- Scanning for content within messages and files to determine whether an unauthorized disclosure of business-critical information has occurred.
- Providing automated remediation on the basis of your established data security policies.
- Providing alerts and analytics that help organizations understand risk and employee behavior over time.
Organizations need to use tools like DLP in order to put into place controls that will help enforce data security best practices by preventing unauthorized parties from accessing documents and folders with sensitive information.
Why is data loss prevention (DLP) essential for protecting data in Confluence?
Since Confluence is document and media heavy, it can be hard to detect when and where sensitive info could be leaked within the platform. This can lead to increased data exposure risk as well as data compliance violations. There are no mature cloud-native DLP products for Confluence. Atlassian does not have a native DLP product, and many CASBs cannot support Atlassian apps.
While some CASBs purport to connect to Confluence, they can only see data in transit and are unable to find pre-existing sensitive content.
Nightfall is the only Confluence DLP solution on the market that:
- Enables customers to scan their entire existing Confluence instance.
- Flexibly configure multiple different DLP policies.
- Apply policies to particular locations (Spaces and Pages) within Confluence.
- Can create multiple detection rules that specify whether data is deemed sensitive in any instance, or whether it is deemed sensitive only in combination with other data.
- Provides a comprehensive approach where appropriate data sharing won’t be flagged, reducing false positives and noise.
What is Nightfall DLP?
Nightfall is a platform to discover, classify and protect sensitive data across cloud SaaS & cloud infrastructure.
- Nightfall supports compliance efforts with a number of industry standards like PCI DSS, GDPR, HIPAA, CCPA, and much more.
- Nightfall works by continuously monitoring data flowing in and out of data silos and classifying that data with machine learning. Data marked as sensitive can be automatically quarantined, deleted, and redacted with workflows.
- Deploy a targeted remediation strategy with comprehensive, context-rich scan results that contain direct links to policy violations within Confluence.
- Nightfall integrates with Confluence via Oauth 2.0, meaning you can get started immediately. Integrate in seconds, then tell Nightfall which Spaces and Pages should be scanned in real-time for API keys, encryption keys, passwords, and more.
How does Nightfall differ from existing platforms?
Nightfall DLP is the industry’s first cloud-native data loss prevention solution designed to discover, classify, and protect sensitive data in cloud environments.
- Leverage dozens of detectors, including Nightfall’s best-in-class core of machine-learning trained detectors, to detect a wide range of sensitive content types such as standard PII, names, ID numbers, financial information, addresses, credentials, secrets, custom regexes and word lists, and more.
- Discover sensitive data across all Confluence Spaces (including Personal Spaces), Pages, Blog Posts, Attachments, Comments and Archived items.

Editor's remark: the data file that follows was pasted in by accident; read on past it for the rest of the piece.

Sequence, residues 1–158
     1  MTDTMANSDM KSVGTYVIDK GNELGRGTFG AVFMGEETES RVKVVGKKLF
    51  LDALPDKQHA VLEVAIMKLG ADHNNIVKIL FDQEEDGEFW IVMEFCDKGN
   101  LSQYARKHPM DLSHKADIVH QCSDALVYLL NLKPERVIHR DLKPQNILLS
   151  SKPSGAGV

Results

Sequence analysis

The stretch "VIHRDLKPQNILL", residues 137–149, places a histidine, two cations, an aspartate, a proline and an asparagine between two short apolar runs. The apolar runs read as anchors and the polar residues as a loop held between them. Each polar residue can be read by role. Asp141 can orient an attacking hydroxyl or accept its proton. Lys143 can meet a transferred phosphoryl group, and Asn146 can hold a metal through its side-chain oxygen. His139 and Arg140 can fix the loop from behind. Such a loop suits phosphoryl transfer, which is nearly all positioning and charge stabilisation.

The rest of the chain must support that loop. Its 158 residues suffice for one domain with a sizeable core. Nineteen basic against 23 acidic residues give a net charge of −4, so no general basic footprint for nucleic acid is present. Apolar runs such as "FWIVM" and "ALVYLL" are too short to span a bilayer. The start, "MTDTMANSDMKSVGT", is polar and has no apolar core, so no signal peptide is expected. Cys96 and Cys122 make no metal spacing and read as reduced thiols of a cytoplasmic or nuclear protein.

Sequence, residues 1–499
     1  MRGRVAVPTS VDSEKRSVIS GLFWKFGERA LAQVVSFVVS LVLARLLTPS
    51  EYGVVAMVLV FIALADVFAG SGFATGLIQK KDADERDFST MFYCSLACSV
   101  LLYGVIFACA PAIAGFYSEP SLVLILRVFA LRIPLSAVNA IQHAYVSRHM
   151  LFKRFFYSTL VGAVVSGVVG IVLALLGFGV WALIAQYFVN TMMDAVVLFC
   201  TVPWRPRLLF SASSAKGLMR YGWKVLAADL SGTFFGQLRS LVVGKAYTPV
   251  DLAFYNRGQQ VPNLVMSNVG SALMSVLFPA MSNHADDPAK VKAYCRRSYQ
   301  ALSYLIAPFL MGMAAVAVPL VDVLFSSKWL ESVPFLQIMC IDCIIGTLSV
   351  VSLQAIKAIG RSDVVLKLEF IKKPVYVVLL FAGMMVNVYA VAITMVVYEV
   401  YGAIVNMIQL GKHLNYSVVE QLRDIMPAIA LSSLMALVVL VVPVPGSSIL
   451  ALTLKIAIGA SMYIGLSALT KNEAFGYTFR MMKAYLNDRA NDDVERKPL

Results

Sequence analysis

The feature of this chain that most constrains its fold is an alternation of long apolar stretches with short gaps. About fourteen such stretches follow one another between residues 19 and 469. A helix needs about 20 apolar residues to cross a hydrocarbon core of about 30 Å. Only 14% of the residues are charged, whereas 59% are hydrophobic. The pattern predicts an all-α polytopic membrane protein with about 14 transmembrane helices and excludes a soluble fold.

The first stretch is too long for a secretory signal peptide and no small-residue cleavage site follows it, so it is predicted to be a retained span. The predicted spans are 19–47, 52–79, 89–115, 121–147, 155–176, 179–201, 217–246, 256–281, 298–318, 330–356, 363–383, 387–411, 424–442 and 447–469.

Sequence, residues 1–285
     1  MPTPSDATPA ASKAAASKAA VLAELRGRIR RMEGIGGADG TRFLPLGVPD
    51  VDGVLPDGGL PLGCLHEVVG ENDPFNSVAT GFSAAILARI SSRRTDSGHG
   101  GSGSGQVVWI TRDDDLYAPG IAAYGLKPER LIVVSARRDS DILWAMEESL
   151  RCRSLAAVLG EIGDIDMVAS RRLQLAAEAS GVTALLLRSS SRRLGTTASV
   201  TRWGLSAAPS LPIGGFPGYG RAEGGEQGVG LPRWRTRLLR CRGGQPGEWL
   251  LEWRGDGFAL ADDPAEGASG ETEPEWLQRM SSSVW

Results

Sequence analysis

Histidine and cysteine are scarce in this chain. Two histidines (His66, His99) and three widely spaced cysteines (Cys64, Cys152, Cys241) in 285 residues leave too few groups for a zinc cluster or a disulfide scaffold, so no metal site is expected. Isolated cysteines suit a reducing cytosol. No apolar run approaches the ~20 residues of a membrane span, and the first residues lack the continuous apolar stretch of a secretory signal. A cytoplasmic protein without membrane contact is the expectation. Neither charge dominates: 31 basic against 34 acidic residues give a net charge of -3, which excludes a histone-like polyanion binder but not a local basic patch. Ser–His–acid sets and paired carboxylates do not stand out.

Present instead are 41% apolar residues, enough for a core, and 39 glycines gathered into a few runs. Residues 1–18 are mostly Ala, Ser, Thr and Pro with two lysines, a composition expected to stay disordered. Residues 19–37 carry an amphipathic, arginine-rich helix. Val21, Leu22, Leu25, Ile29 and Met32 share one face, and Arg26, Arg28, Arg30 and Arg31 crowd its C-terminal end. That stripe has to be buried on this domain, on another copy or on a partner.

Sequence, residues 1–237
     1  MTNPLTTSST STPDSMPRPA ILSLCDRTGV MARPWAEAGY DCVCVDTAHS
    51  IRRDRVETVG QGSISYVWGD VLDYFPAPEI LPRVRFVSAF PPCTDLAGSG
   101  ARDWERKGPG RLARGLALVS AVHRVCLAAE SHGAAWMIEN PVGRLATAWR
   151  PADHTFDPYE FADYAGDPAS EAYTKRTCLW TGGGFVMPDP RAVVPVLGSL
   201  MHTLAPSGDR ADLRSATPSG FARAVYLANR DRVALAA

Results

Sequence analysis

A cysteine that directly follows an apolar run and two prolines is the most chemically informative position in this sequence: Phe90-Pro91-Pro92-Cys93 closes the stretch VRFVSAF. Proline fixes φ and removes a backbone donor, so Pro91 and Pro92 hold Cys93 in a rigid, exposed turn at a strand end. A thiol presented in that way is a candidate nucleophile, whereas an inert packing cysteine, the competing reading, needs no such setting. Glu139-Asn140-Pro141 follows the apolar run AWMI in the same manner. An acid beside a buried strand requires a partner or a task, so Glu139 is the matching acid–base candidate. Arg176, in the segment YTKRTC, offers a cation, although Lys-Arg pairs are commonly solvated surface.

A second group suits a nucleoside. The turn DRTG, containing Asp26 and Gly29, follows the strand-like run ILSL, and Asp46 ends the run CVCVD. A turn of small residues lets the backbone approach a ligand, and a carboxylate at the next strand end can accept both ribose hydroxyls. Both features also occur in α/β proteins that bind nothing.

- Secure your Confluence with DLP scans for a wide range of file types — including plaintext, Office (Google Office, Open Office, msft Office), pdf, html, xml, all popular image file types (jpeg, png, etc), compressed files (zip, tar, etc).
- We designed Nightfall to address the low accuracy of tools that rely on traditional methods like regexes or entropy thresholds. Nightfall can be used to discover and protect against both PII and credential leakage across all your Confluence pages and spaces.
What are the key features of Nightfall DLP for Confluence?
Nightfall helps organizations manage DLP in Confluence with these features:
- Quickly and easily connect Nightfall to your Confluence in minutes with our out of the box integration.
- Fully customize your scans with Nightfall’s robust detection engine with dozens of detectors, including our proprietary machine-learning trained detectors to detect a wide range of sensitive content types such as standard PII (names, ID numbers, financial information, and addresses) credentials & secrets, custom regexes & word lists, and more.
- Configure granular Detection Rules and set confidence levels within the Nightfall dashboard to determine which data is considered sensitive, either standalone or in combination with other data.
- Build flexible data detection policies based on custom data detectors (e.g. regexes & word lists) and multiple policies to target your DLP scans to certain locations (e.g. Spaces or Pages) or timeframes.
- Discover sensitive data across all Confluence Spaces (including Personal Spaces), Pages, Blog Posts, Attachments, Comments, and Archived items, with context-rich results.
- Nightfall’s best-in-class DLP includes machine learning based optical character recognition (OCR) for unstructured data, enterprise-grade security, and high accuracy detection via deep learning — all within a single pane of glass, intuitive UI for configuring your DLP policies.
Does DLP detect files too?
- Nightfall supports a broad set of file types including but not limited to xls/xlsx, doc/docx, csv, plain text, ppt/pptx, PDF, HTML, and more.